SARTRE: It’s hard. The rallies, the marches, the demonstrations were all actions we agreed with, but it wasn’t our thing; I mean, the Popular Front was a kind of rising by workers, and while we completely sympathized with workers, we weren’t workers, so if we participated in their thing, it would be as strangers. Workers seized their factories. What was I...

  10. October 1971
    (pp. 93-121)

    SARTRE: Welcome back. How’s Fernando?

    GERASSI: He was operated on for cancer of the esophagus. A tough one. He’s OK now, but the doctor told me it can’t last.

    Et la petite [Catherine Yelloz]? She went with you? Yes. She was great. We were at the hospital almost all the time, but she was very helpful, especially to Stépha, who can’t really see or hear very well anymore.

    Like me, huh?

    Worse. And she can’t walk without terrific pain. Do you know that she is so fond of her garden, and she knows her flowers and vegetables so well by...

  11. December 1971
    (pp. 122-139)

    GERASSI: Let’s get back to the war. I reread the two articles [“Paris Under the Occupation” (1944) and “The Liberation of Paris” (1945), reproduced inSituations,vol. 3 (1949)] in which you dealt, indirectly mind you, with fear of death and torture: the first, which everyone knows, is where you wrote that you were never as free as during the occupation; the second, which you wrote for English readers, in which you claim that all the French suffered because of the resistance.

    SARTRE: Hold on. Let’s put them in perspective. The first is philosophically perfectly clear, right? During the occupation,...

  12. January 1972
    (pp. 140-155)

    GERASSI: Speaking as we were at lunch about your bookWhat Is Literature?you agree that you write for the bourgeois to get him or her more committed against the very bourgeois class’s selfish self-centeredness, correct? Isn’t that the same reason Aragon writes? You don’t write for the worker, and neither does he. Workers aren’t going to read yourFlaubert,and workers aren’t going to read [Aragon’s]Aurélienor [his wife, Elsa Triolet’s]Cheval Blanc.¹

    SARTRE: Hold on. You’re mixing different issues there. First of all, novels by communist hacks are sold at communist rallies, meetings, conferences, and conventions by...

  13. February 1972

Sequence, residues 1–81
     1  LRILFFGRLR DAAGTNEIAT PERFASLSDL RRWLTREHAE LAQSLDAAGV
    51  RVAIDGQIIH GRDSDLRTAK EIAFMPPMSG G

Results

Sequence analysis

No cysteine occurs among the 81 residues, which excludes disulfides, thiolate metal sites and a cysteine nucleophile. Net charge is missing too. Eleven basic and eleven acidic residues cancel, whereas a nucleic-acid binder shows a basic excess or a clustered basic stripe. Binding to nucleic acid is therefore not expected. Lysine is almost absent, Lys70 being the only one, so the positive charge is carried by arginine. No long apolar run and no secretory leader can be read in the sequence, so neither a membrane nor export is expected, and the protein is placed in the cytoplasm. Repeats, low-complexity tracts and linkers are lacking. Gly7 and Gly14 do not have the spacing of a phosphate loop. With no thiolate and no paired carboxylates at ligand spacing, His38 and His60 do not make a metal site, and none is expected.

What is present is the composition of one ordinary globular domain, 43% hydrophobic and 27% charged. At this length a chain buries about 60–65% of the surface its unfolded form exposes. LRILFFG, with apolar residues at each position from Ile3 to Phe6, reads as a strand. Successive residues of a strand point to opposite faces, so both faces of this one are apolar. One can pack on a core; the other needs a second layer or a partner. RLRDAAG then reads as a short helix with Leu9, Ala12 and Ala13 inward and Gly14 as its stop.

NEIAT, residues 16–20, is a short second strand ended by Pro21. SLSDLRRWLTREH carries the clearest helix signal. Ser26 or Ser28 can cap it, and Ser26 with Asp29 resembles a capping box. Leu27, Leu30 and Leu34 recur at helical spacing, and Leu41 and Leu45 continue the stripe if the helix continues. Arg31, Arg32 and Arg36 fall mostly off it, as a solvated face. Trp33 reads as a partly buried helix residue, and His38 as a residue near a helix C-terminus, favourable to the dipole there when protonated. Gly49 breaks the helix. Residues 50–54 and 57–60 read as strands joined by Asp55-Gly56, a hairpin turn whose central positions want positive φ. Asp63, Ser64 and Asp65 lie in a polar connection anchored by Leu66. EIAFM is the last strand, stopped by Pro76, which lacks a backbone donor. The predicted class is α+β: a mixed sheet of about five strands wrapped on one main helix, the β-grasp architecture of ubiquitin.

(pp. 156-164)

    GERASSI: You said the other day that you became a fellow traveler in ’52, with the Henri Martin affair. But what happened when the Korean War started? Were you silent?

    SARTRE: That was our first big crisis atLes Temps Modernes,I mean between Merleau and me. The others were natural: Aron was a right-wing social democrat, so he had left. Malraux wanted to be part of de Gaulle’s team, so he left. But the first really significant issue was when the guns started in Korea. First of all, we believed most of America’s propaganda, that the North [Koreans] invaded...

  14. March 1972
    (pp. 165-170)

    GERASSI: France went through a very agitated period from 1945 to 1962, yet that was your most productive period as well.

    SARTRE: The end of the resistance, war in Indochina, the collapse of the tripartite ministry, the RDR, the war on Algeria, and if we go to 1966, the destruction of the left in France. We, inLes Temps Modernes,and I personally, responded to each crisis, each phase. We made some mistakes, like the RDR was a bad one, but we were more or less on the button during each phase, internationally, which was the most, but not only,...

  15. April 1972
    (pp. 171-178)

    GERASSI: At lunch last Sunday, you referred to Malraux as a pig. Was it because, as Castor wrote in her memoirs, he tried everything to get Gallimard, your and his publisher, to dumpLes Temps Modernes?

    SARTRE: In general, yes, he’s a pig. Everything about him is phony. I mean,The Human Conditionis a fantastic novel, one of the really great ones of this century, certainly, but he, himself, is a phony. An adventurer who went to Cambodia to steal its artworks and sell them. He’s always been a money man. OK, I know, he saved your father from...

  16. May 1972
    (pp. 179-204)

    GERASSI: I reread “Merleau Vivant” since last week, as well as his major works, and was struck by how careful you were not to imply that you were not great friends.

    SARTRE: Yes, I was a bit hypocritical. Have you read hisPhenomenology of Perception? So you realize how close it is to much of what I wrote inBeing and Nothingness? He had read some of that work, and had asked me not to publish it until his book came out, chapters I had written during the war, before his, and he was hurt that I did not wait....

  17. June 1972
    (pp. 205-213)

    GERASSI: I’ve just read the new issue ofLes Temps Modernes,which is dedicated to the maos in France, just when the GP andLa Cause du Peupleseem to be crumbling.

    SARTRE: Don’t confuse the various groups. You went to the meeting ofLa Cause?